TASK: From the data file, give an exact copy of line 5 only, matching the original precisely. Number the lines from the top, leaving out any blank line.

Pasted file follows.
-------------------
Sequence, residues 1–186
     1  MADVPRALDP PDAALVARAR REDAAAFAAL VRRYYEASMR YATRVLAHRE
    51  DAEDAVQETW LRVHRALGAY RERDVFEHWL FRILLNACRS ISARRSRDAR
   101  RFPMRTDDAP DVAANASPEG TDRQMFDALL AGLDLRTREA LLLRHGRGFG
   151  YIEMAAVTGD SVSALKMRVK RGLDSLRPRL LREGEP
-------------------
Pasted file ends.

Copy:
   151  YIEMAAVTGD SVSALKMRVK RGLDSLRPRL LREGEP